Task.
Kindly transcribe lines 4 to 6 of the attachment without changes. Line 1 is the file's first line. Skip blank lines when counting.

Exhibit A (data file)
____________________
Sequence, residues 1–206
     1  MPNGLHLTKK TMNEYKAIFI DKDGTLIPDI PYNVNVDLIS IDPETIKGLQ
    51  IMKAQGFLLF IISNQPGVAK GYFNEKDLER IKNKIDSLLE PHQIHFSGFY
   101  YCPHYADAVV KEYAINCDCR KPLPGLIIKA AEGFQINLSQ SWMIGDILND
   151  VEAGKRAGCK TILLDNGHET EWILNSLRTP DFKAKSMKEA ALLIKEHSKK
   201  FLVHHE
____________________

   101  YCPHYADAVV KEYAINCDCR KPLPGLIIKA AEGFQINLSQ SWMIGDILND
   151  VEAGKRAGCK TILLDNGHET EWILNSLRTP DFKAKSMKEA ALLIKEHSKK
   201  FLVHHE